Y’know, if you don’t think that a horse is defined as such due to some innate form of ‘horseness’, then you should go read some Aristotle.*
If you don’t think that Evolution has any basis in reality, then Darwin has some things to tell you.
If you think that we can’t know anything at all about the origin of the universe, then you should listen to Victor Stenger.
I’m appealing to authority here? Well… Yes, I am. And this is not a problem at all. Let me break it down for you…
So the ‘skeptic community’ is pretty enamoured with ‘fallacies‘. I’ll often hear people call out the fallacies when listening to a creationist babble on about their nonsense, or if a homeopath is waffling on about how happy they are when they use their products. You can even find ‘fallacy bingo cards‘ on the internet for when you attend a talk. It’s great. I love this stuff. I’m very happy to see people taking some ancient and basic Philosophical content and applying it to modern life. Aristotle identified roughly 140 fallacies (many of which are sub-divisions of higher order fallacies, so are pretty redundant). Since Aristotle, a few more were added, but it’s really Aristotle’s fallacies that are the core of any critical thinking course.
Unfortunately… Many skeptics don’t understand fallacies. They seem to use them as a “you are wrong” declaration, as if the mere declaration that ‘the speaker has committed a fallacy’ means that the conversation is over, and ‘the speaker’ needs to A) apologise, and B) shut up.
A formal fallacy is an actual logical error, such that the details of what the person has said (and the context in which they are speaking) is irrelevant: the actual form of the argument is in error. For example:
1) If all swans are white, then this particular swan is white
2) This particular swan is white
Conclusion) Therefore all swans are white
This can be generally stated as:
1) If P then Q
C) Therefore P
The reason this is a formal fallacy is that if premise 1) is true and premise 2) is true, it is possible that P is false. It does not follow that P is true, ergo this argument is logically invalid. There is no way to determine the truth value of P (the conclusion) from the premises that led up to it.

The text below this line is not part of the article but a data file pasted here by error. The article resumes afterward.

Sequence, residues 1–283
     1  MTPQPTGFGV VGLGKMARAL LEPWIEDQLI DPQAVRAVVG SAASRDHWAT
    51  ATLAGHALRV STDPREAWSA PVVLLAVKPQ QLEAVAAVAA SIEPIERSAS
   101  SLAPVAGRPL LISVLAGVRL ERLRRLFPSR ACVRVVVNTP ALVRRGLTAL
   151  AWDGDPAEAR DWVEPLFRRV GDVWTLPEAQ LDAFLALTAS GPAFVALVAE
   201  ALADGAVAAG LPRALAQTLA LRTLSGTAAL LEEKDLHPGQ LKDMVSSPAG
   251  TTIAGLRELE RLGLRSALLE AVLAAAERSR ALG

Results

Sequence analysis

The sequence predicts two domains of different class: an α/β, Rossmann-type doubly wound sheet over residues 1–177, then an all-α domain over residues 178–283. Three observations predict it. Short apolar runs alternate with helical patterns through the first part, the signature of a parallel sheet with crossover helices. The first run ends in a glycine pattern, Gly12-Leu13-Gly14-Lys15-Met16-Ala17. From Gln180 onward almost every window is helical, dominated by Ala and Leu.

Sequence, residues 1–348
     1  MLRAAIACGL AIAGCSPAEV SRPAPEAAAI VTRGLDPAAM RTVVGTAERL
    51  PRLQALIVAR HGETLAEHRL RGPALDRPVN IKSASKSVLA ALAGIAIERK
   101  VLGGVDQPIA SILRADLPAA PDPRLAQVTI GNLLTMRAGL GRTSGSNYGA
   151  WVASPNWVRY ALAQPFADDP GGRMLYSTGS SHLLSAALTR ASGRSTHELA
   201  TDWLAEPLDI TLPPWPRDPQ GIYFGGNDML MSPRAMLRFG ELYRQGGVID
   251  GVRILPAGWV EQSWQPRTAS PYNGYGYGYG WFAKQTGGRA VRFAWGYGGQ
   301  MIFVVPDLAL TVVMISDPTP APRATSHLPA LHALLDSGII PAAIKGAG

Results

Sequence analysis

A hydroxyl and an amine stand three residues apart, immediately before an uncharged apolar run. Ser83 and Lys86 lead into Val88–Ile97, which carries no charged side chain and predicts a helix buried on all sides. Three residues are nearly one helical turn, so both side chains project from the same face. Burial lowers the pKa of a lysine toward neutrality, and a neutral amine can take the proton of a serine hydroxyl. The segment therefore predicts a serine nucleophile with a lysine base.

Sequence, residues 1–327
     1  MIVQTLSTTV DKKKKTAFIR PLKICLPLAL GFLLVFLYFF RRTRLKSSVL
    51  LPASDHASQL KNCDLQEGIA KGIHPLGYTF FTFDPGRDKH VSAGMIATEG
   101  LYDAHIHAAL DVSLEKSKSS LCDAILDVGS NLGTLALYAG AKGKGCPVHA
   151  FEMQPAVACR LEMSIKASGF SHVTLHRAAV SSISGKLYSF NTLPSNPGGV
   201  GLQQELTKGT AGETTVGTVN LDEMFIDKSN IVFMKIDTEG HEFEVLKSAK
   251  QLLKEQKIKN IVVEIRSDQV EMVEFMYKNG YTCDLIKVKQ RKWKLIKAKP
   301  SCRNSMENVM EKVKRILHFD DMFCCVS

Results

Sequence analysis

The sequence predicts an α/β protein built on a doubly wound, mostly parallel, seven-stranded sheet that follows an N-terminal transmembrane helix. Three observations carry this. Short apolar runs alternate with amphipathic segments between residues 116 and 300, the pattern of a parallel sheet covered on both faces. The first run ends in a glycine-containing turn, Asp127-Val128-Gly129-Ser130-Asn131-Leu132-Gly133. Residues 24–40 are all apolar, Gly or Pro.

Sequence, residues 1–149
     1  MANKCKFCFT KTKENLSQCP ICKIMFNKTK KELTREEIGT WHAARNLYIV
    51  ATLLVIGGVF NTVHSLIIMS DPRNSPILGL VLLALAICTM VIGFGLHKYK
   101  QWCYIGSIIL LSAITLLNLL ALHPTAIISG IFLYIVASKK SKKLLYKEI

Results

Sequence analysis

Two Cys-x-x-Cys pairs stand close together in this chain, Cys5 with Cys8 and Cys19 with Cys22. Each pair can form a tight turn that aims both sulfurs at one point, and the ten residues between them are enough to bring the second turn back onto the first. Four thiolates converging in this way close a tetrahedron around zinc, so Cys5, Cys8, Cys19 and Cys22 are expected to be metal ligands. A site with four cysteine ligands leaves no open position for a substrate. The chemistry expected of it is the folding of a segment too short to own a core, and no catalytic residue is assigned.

But notice that my claim here still requires an explanation. In a real conversation, it’s likely that the speaker has made a number of claims. I can’t merely stand up in the Q&A of a lecture and declare that the speaker has committed the Fallacy of Affirming the Consequent and sit down: I need to identify the problematic premises, and I need to show that the speaker’s conclusion is primarily dependent upon those premises.
Just making the declaration is nothing more than merely asserting that the speaker is incorrect. In that situation, declaring that the speaker has committed a fallacy is no different (practically speaking) from just standing up and declaring that one disagrees with the speaker. Something which, I hope, most of the readers of this blog will recognise as generally pointless. (Please note that I’m speaking of the context of a formal presentation, not of a popular rally where standing up to disagree (i.e. Presenting a dissenting view) is absolutely important).
So, even in the case of a Formal Fallacy, it’s necessary to explain your position.
An Informal Fallacy is, on the other hand, focused on the content of the argument. And since the content is often context dependent, an argument may often have the form of an Informal Fallacy and not be false.
1) I found a strange lump on my body that wasn’t there before.
2) My doctor told me to have it removed.
C) Therefore, I should have it removed.
Appeal to Authority? Absolutely. Problematic? Absolutely not.
1) Either Beethoven is better than Mozart or Mozart is better than Beethoven.
2) My doctor told me that Beethoven is better than Mozart.
C) Therefore, Beethoven is better than Mozart.
Appeal to Authority? Absolutely. Problematic? Absolutely.
Appealing to an Authority is only problematic when the person in question has no relevant skill in the area. Furthermore, what makes the Appeal acceptable is not merely that the person is recognised as an expert in the relevant area, but also they can explain their decision and provide you with the warrant for their position. The non-expert is unable to do so (pretty much by definition).
So simply declaring that someone is Appealing to Authority is not the end of a discussion. Yes, congratulations, you have noticed that when someone says “go talk to Aristotle” when discussing Essentialism they are invoking the name of a famous, known expert in a particular field (the person who quite literally invented that particular field). Now that you have invoked the Appeal to Authority Fallacy, the onus is on you to explain what the problem is. Fallacies don’t operate like the umpire in baseball: declaring a ball to be out may make it so, but declaring something to be a Fallacy does not make it so.
If explaining your position is important when declaring something to be a Formal Fallacy, it’s even more so when making a declaration of an Informal Fallacy as an Informal Fallacy is highly contextually dependent.
*Incidentally, Aristotle is completely wrong about the nature of ‘things’. However, I’ll still refer people to Aristotle simply because reading that while wrestling with how you explain his errors will teach you about a million more things than reading most anything else…
[This was originally posted on The Crommunist Manifesto]